Iva Withers, a Standby to the Rescue on Broadway, Dies at 97
by Daniel E. Slotnik New York Times 10/8/2014
If there were a Tony Award for best understudy, Iva Withers might well have won repeatedly during her nearly three decades on Broadway.
Though she appeared in the first Broadway run of musicals like “Carousel,” “Oklahoma!” and “Guys and Dolls,” she never originated a starring role of her own. Instead, Ms. Withers, who died on Tuesday at 97 at the Lillian Booth Actors Home in Englewood, N.J., made a career as a backup for actresses like Julie Harris and Carol Channing.
Her death was confirmed by her daughter, Kim Kokich.
A petite blonde with a powerful voice, Ms. Withers was a Broadway utility player. “Her motto was never to learn just your own lines learn everybody’s,” her daughter said.
On Sept. 15, 1945, that work ethic helped Ms. Withers become the first actress to play the lead in two hit shows in one day. She was playing Laurey Williams in “Oklahoma!” while understudying for Jan Clayton as Julie Jordan in “Carousel” when Ms. Clayton became sick before the matinee. Ms. Withers played Julie in the afternoon and Laurey that night without a hitch.
Ms. Clayton left “Carousel” for “Show Boat” in 1946, and Ms. Withers took over. She also played Julie during national and British tours and a 1949 revival.
“Iva Withers’s Julie has a modest though unconquerable spirit just right for the part,” Brooks Atkinson wrote in a review of the revival in The New York Times in 1949.
In the early 1950s Ms. Withers replaced a pregnant Ms. Channing for the touring production of “Gentlemen Prefer Blondes” and played Miss Adelaide in “Guys and Dolls” after Vivian Blaine left the cast. She backed up Tammy Grimes in the play “Rattle of a Simple Man” and the musicals “High Spirits” and “The Unsinkable Molly Brown.”
In 1961, when she was Ms. Grimes’s standby in “Molly Brown,” she received a startling phone call at her West 55th Street apartment in Manhattan: Ms. Grimes had fainted during the first act.
“In seven minutes I was onstage,” she told The New York Journal-American, which reported that the rest of the show went smoothly and that Ms. Withers received an ovation.
For all her winning moments onstage, Ms. Withers was not a perennial understudy by choice, and she continued to hold out hope for a star turn of her own.
“I’ve been only in hits, but I’ve built my career in following people,” Ms. Withers told The New York World-Telegram and Sun in 1953. “I’m still wondering what will happen when they give me something to create.”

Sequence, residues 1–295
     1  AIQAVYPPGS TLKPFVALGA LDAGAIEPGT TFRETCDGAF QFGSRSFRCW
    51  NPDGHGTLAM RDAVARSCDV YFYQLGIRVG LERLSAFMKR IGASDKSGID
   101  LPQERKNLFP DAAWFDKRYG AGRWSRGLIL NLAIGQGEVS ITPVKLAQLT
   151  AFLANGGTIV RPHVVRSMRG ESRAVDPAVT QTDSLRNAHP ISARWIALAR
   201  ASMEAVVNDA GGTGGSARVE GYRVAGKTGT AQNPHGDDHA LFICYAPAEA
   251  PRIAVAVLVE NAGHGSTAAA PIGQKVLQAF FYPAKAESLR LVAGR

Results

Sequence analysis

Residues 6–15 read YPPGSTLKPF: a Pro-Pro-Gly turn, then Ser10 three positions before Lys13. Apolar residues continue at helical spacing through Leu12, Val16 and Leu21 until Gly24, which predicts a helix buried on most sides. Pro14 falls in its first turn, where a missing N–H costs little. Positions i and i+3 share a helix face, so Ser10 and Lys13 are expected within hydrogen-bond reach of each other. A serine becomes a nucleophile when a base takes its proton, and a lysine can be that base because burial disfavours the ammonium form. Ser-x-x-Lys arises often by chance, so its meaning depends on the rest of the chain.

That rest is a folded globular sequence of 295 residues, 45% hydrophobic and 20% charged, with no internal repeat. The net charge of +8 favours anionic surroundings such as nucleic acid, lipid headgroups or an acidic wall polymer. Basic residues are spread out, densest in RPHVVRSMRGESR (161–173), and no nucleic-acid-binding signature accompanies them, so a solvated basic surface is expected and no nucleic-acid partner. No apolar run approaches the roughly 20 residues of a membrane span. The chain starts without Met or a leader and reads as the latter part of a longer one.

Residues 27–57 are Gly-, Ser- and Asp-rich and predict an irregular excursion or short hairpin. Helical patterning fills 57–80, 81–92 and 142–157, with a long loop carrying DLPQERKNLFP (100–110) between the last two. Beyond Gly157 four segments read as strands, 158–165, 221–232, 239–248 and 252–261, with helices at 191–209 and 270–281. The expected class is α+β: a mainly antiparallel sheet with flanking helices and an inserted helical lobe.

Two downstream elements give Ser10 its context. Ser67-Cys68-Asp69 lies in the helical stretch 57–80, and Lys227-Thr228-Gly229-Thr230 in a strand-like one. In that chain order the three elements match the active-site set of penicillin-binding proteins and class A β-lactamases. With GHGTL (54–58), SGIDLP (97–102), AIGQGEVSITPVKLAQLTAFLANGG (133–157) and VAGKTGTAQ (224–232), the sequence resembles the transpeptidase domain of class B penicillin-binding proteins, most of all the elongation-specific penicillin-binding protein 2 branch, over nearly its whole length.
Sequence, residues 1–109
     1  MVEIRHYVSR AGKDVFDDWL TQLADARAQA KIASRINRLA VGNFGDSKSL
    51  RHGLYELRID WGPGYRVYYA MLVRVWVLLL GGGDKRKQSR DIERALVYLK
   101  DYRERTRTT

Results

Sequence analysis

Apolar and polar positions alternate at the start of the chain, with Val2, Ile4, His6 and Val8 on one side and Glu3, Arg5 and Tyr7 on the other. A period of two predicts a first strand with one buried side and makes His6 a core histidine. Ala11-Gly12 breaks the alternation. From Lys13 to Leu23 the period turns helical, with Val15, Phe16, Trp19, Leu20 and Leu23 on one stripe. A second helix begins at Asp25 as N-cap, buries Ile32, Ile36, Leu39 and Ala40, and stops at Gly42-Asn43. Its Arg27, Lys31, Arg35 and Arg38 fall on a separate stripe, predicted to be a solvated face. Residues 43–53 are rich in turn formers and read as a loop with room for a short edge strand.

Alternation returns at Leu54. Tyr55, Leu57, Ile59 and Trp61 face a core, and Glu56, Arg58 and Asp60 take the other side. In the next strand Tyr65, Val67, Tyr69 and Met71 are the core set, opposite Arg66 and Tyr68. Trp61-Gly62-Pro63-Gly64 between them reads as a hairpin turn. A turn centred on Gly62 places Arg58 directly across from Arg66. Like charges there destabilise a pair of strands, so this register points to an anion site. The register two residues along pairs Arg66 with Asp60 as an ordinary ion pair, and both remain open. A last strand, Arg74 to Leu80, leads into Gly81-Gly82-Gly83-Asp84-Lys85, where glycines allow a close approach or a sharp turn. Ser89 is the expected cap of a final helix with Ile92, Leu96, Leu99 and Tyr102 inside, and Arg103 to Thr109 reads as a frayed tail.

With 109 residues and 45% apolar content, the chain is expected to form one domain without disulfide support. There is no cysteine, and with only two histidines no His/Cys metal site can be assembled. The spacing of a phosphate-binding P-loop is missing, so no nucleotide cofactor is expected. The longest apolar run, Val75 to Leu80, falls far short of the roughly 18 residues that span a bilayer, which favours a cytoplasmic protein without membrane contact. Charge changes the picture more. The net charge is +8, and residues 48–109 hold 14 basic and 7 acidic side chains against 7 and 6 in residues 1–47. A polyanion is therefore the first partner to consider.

She finally got the chance in 1968, in the comedy “Forty Carats,” directed by Abe Burrows, in which she originated the minor role of Mrs. Adams. She also understudied for Ms. Harris as the female lead, Ann Stanley, and even played the Stanley role herself for a while before Zsa Zsa Gabor took over.
After “Forty Carats” closed in 1970, Ms. Withers struggled to find roles, and finally left Broadway.
Pearl Iva Edith Withers was born in Rivers, Manitoba, on July 7, 1917. Her parents, Edith and Roy Withers a seamstress and an insurance salesman had immigrated from Ireland around 1913. She grew up in Winnipeg, where she began appearing in local vaudeville productions at 10 and singing in church as a teenager.
She went to New York in 1940, working as a night cashier at Stouffer’s restaurant while auditioning for Broadway. (She shortened her name for the stage.) She went to Rodgers and Hammerstein casting calls for about a year before Richard Rodgers selected her for the “Carousel” chorus. In time she became Ms. Clayton’s understudy.
In 1943 she married Robert Strom. A few years later she met the ballet dancer Kazimir Kokich, who was also married, while performing in the national tour of “Carousel” in Chicago, and they fell in love. They annulled their marriages and married in 1949.
Mr. Kokich died in 1982. In addition to her daughter, who was a reporter for NPR, Ms. Withers is survived by a son, Jerry, a dancer with the Joffrey Ballet and a ballet coach; and two grandchildren.
After her Broadway career, Ms. Withers returned to work as a cashier and became a physician’s assistant.
“I am happy with everything that happened to me, although I had to struggle and work hard,” she told The Times in a profile in 2010. “I got to work with all the greats: Meredith Willson, Jule Styne, Rodgers and Hammerstein. I’m very lucky.”
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